While playing against Ryan, who comes off as likeable earnest, is not without its risks, issue polling is playing in Obama's favor, even if his personal approval numbers sink in the face of rising gas prices. Ryan's plan, for instance, extends the Bush tax cuts for the wealthiest Americans, while a spate of recent polls show the public is ready to hike taxes on those who are doing more than all right while the rest of the country struggles. An ABC News/Washington Post poll found 72 percent of Americans support tax hikes for the wealthy -- with even a majority of Republicans in agreement. From the Washington Post:

At this point, 72 percent support raising taxes along those lines, with 54 percent strongly backing this approach. The proposal enjoys the support of majorities of Democrats (91 percent), independents (68 percent) and Republicans (54 percent). Only among people with annual incomes greater than $100,000 does less than a majority "strongly support" such tax increases.

That may account for why Ryan found himself booed at a town-hall meeting (VIDEO) in his congressional district when he told a constituent that such tax hikes would be redistributionist because "we do tax the top."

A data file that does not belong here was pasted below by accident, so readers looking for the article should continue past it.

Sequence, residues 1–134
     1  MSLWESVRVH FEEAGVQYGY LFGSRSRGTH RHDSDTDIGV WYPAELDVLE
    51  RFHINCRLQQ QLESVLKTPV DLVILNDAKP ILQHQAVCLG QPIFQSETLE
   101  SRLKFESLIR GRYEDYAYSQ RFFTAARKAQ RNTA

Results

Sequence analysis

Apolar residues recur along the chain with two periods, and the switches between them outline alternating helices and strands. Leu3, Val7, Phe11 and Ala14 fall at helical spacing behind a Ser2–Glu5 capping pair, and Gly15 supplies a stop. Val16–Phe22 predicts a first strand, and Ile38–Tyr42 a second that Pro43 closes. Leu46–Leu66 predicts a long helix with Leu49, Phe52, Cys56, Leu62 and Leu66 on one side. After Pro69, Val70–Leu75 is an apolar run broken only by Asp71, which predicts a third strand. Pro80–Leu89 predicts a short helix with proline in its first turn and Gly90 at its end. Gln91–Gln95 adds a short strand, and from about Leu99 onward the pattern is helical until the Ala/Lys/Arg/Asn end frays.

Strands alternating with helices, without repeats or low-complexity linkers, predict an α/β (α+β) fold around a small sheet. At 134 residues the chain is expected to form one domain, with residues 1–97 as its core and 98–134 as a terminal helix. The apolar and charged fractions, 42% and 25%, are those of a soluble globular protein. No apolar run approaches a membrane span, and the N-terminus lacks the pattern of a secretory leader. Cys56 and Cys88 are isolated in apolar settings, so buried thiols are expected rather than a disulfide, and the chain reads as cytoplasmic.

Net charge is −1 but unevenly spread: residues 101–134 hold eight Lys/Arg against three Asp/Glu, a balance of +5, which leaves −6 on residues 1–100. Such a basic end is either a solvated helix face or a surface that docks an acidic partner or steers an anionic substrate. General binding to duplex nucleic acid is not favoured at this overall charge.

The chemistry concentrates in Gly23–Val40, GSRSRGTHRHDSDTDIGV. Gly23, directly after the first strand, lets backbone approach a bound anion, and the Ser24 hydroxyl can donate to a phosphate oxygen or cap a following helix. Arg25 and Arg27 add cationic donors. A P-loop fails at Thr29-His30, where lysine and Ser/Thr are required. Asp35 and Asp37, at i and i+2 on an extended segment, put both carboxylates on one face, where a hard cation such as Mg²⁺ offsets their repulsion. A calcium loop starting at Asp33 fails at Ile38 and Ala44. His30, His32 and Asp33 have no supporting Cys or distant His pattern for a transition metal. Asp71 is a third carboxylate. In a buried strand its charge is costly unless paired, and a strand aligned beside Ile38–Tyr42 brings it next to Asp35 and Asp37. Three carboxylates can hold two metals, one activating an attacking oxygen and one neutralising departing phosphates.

The same poll also found 78 percent opposed to "cutting spending on Medicare" in order to reduce the deficit, and a McClatchy poll drew similar results. (A New York Times/CBS News poll with a different ordering of questions found 45 percent opposed, but that's still a significant number.)

While Ryan's extreme budget plan makes him a perfect poster boy for the GOP agenda in a Democratic campaign, his supporting attributes render him even more perfect as Obama plays not only to independents, but also to the Democratic base on which he will depend for turning out the vote in November 2012. Ryan, is from Wisconsin, and a beneficiary of the Koch political machine responsible for the election of the deeply unpopular Gov. Scott Walker, and Walker's union-busting budget bill.

For progressives and the Democratic base, Wisconsin has become a powerful symbol of a greater national political battle -- a battle described as one drawn between the billionaire Koch brothers and their sycophants on one side, and regular Americans on the other. In 2008, Paul Ryan was celebrated by the Wisconsin Chapter of the Americans For Prosperity Foundation, which is chaired by David Koch, as a "Defender of the American Dream," in a ceremony emceed by Scott Walker. Obama has little to lose in running against the Kochs, even if in the guise of Paul Ryan, because the Kochs were never likely to go after the president with anything less than full force, especially in the aftermath of the Supreme Court decision in Citizens United, which allows virtually unlimited participation by corporations in electoral politics.